How will tourism in LMICs change post-COVID?

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Tourists on the way to visit the Kwitonda family, one of the largest mountain gorilla families in Rwanda. Photo by: Visit Rwanda / CC BY-ND

CANBERRA — In January, the United Nations World Tourism Organization forecast a growth of 3% to 4% in international tourist arrivals worldwide for 2020. But the impact of COVID-19 has seen those numbers slashed as international travel comes to a grinding halt, impacting the tourism sector and tourist-reliant industries.

In Rwanda, tourism is a strategic sector for the government — part of its transformation and modernization of the economy. In 2019, tourism contributed to 10% of the country’s GDP and was responsible for 8% of all employment, according to a recent webinar. Between 2008 and 2019, the sector was growing at an average of 11% each year. Low- and middle-income countries had a small share of the international tourism market, but were growing at a higher rate — 9% growth annually, compared to 4% globally — and were seen as providing new opportunities for economic development.

“What we recorded in March since COVID hit is that 54% of our visitor arrivals has declined,” said Belise Kariza, chief tourism officer at the Rwanda Development Board. This decline and canceled events produced an estimated loss of $42 million for the sector and country.

The challenges for the tourism sector in LMICs — compared to high-income countries — is the lack of financial support available to assist tourism businesses as they wait for the pandemic to ease and tourists to return.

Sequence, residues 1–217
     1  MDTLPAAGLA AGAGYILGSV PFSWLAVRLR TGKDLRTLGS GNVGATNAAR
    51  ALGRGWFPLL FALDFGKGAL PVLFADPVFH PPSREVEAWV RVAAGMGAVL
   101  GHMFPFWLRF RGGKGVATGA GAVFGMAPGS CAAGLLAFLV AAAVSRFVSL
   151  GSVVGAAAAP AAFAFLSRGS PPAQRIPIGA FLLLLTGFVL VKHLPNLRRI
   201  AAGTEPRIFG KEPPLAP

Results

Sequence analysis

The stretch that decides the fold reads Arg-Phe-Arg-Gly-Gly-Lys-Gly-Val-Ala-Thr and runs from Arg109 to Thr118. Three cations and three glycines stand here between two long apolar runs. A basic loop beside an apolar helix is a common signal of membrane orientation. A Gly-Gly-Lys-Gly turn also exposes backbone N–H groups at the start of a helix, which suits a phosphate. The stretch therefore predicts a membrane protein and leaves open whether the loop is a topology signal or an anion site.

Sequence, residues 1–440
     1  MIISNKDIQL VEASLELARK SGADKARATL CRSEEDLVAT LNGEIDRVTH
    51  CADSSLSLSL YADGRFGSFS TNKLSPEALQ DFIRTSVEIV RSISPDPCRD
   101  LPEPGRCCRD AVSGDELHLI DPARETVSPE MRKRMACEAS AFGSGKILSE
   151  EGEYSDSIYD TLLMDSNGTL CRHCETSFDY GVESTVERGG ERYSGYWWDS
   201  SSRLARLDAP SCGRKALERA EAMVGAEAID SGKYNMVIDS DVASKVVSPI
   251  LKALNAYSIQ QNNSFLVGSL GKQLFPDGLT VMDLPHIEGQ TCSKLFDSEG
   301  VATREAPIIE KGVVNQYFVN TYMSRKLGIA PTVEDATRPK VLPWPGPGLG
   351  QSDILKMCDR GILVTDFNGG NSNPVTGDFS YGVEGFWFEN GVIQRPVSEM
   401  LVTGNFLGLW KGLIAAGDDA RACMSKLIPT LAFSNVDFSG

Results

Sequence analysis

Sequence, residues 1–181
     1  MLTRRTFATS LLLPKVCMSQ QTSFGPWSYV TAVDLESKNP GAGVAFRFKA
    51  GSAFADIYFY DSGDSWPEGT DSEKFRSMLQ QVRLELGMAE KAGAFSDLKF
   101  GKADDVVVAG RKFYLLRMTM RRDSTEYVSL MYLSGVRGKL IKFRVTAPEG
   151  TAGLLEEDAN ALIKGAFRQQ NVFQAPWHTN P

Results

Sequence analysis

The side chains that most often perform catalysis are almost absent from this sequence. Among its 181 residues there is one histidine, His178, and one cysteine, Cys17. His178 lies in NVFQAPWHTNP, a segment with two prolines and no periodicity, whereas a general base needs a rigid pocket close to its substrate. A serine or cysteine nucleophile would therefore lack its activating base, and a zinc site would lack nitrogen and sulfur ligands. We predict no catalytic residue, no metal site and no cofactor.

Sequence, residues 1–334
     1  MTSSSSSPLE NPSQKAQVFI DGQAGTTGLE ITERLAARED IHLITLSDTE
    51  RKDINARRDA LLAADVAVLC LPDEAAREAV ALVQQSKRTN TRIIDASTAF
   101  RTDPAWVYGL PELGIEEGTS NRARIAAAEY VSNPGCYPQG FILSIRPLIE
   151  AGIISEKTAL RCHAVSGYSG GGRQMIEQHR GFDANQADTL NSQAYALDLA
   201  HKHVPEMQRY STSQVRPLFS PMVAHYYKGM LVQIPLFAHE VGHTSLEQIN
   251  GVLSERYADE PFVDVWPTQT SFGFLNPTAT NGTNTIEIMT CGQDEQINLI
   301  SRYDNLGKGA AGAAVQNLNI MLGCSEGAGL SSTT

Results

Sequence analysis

“In the small island developing states, the impact on tourism is particularly challenging,” Zoritsa Urosevic, director of institutional relations and partnerships department at UNWTO, told Devex. “In the Pacific, we are working from various endpoints — from the U.N. system, from bilateral donors and more — to find resources to help the tourism sector in these countries.”

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But despite these challenges, LMICs may have an advantageous position when tourist confidence re-emerges, Urosevic anticipated increasing airfare prices that could influence tourists’ travel choices.

“Space is luxury,” she said. “Taking it from that lens, LMICs really have an advantage. People are becoming more personal and want selective numbers in their vacation. All the ingredients in LMICs are there — populations are not as large and there is more space everywhere.”

Supporting tourism in LMICs

UNWTO is focusing support for LMICs with its COVID-19 response and recovery in a variety of ways. It is monitoring and measuring data, and engaging with a variety of stakeholders — from governments, donors, the private sector, and more — to build a set of tools that can help countries.

It has been engaging in a dialog with international finance institutions to push for packages that are tailored to support tourist jobs and the private sector. And work supporting LMICs includes advocating on the importance of the tourism sector for direct and indirect impact.

“Tourism has a very big value chain, especially the supply chain in food supply and food production, and creates many jobs,” Urosevic said. But to build this knowledge it requires an interaction between different players within governments — health ministries, transport ministries, social affairs, and more, and in partnership with the private sector.

“Never before have tourism ministers in LMICs had credibility in the cabinet at government levels,” Urosevic said. “It’s considered more of a fun activity — people didn’t realise how important it is to economies.”